The failure of the amended Google Settlement presents a huge opportunity for the global publishing industry to get its house in order, according to one of the agreement’s sternest critics.
However, Tuesday's [22nd March] decision to reject the settlement as not "fair, adequate, and reasonable" has lead others to say the development has left the industry without a roadmap for dealing with Google, orphan works and the use of copyrighted materials in Google’s database.
The settlement was thrown out by New York judge Denny Chin this week, after over a year of deliberations. Chin has told the parties to consider redrafting the proposal on an "opt-in" basis, but it remains unclear whether even then it would be passed. He set a date of 25th April for a status conference at which the parties will be able to outline their next steps. An appeal, which few think would work, could however extend this deadline further, allowing all parties to agree a way forward.
In Europe, where many of the objectors resided, the judge's decision has been broadly welcomed. Tim Godfray, chief executive of the Booksellers Association said: “We have always taken the view that the Amended Settlement Agreement, if approved, would give Google a significant advantage over its competitors. As such it would have been a bridge too far."
Copyright Licensing Agency chief executive Kevin Fitzgerald, said: "We fully support digital publishing but the proposed settlement would have granted Google full access to copyrighted works that it otherwise would have no right to exploit."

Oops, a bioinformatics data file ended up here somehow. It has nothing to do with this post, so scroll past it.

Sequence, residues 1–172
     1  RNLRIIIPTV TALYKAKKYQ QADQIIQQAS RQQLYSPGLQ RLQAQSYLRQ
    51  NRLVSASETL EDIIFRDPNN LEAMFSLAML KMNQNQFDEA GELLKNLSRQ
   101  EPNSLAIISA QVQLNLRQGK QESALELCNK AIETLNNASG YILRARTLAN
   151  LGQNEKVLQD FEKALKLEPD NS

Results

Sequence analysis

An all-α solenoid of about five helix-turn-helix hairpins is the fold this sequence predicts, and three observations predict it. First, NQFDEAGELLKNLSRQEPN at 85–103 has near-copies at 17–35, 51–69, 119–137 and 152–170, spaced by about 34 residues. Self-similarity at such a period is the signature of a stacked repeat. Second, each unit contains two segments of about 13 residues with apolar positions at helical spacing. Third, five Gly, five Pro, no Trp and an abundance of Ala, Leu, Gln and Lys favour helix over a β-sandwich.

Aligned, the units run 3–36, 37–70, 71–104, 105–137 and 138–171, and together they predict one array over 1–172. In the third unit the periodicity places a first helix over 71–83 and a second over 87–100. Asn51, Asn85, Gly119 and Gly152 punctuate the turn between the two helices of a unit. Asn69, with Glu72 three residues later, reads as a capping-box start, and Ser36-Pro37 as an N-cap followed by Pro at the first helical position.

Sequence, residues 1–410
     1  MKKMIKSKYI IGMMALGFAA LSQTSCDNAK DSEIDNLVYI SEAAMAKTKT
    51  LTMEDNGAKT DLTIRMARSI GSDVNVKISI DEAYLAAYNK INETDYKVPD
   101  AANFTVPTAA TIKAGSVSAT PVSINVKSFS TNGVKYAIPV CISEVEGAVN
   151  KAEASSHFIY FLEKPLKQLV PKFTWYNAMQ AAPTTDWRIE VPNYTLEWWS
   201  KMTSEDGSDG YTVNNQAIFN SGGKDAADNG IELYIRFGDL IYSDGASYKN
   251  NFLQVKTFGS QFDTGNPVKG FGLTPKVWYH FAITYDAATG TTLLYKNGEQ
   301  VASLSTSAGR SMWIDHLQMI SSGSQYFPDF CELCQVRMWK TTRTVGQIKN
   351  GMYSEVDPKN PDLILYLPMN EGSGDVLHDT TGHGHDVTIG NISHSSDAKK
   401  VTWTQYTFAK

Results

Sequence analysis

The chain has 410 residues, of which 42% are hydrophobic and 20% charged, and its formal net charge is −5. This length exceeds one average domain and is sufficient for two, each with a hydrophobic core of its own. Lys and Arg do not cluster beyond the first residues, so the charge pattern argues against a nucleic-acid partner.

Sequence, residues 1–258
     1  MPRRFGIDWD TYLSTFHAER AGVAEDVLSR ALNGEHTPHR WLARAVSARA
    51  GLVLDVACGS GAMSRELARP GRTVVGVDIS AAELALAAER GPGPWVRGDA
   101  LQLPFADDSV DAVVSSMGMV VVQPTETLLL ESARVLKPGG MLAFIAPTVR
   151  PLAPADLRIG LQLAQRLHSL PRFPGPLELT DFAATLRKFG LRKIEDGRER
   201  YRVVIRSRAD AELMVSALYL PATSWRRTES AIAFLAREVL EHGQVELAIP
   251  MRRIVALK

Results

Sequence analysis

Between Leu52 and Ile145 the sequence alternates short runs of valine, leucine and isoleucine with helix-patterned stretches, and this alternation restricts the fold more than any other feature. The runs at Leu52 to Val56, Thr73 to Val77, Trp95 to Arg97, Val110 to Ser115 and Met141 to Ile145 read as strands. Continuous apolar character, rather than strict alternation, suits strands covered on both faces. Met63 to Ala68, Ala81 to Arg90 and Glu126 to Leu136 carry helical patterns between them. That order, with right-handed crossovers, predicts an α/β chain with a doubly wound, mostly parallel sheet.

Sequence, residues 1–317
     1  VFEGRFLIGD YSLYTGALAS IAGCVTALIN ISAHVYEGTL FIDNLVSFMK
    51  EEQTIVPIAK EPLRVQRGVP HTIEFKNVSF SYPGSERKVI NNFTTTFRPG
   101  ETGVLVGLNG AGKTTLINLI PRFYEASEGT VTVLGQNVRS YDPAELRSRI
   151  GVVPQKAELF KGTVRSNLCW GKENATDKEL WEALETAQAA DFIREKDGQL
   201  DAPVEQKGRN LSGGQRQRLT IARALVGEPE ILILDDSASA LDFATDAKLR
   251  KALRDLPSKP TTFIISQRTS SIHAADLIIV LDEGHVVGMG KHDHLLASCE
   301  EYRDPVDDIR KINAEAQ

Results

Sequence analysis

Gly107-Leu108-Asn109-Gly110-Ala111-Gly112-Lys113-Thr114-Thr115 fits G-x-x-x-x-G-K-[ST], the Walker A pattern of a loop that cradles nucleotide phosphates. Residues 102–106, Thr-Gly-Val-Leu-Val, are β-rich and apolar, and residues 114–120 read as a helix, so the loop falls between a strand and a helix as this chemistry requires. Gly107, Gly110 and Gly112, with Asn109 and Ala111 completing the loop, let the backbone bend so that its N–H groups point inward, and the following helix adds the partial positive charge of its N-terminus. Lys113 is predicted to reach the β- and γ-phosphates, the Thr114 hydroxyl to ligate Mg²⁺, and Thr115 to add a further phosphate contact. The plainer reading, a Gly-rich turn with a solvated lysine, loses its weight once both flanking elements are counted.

The German Publishers and Booksellers Association (Börsenverein des Deutschen Buchhandels) said it was an "important day for copyright law". Dr Gottfried Honnefelder, president of the Börsenverein, added: "The ruling by Judge Chin demonstrates to the entire world that intellectual property rights cannot be suspended for private or commercial interests."
Both the original litigants, the Association of American Publishers and the US Authors Guild, have said they are prepared to renegotiate. Google commented in a brief statement, which said: “This is clearly disappointing, but we’ll review the court’s decision and consider our options.”
Martyn Daniels, who blogs for the Booksellers Association, and was one of the original and revised agreement’s more vocal critics, said: “What should happen now is that all sides should get together and come up with a better deal. It is a big mess, but also a huge opportunity for the global publishing sector to get its house in order.” Daniels said he would like to see the agreement made on an “opt-in” basis, but also agreement over orphan works to be non-exclusive to Google, and for the industry to run and operate its own Rights Registry.
But Evan Schnittman, global managing director of sales and marketing at Bloomsbury Publishing, said counting this as a victory was a "very short-sighted view". He said: "The settlement was a means for control over the works—which has now disappeared. There is a long and arduous path ahead and no one has a map. What many saw as fatal flaws in the proposed settlement, others saw as a means to stop a far, far worse outcome."
The agreement dates back to 2005 when the US Authors Guild and AAP both filed suits in order to stop Google digitising copyrighted and orphan works. The suit was originally settled in 2008, and an amended settlement put forward before the judge in late 2009. The revised settlement was supported by the UK Publishers Association, and included UK books that were hoovered up by Google’s digitisation programme in the US.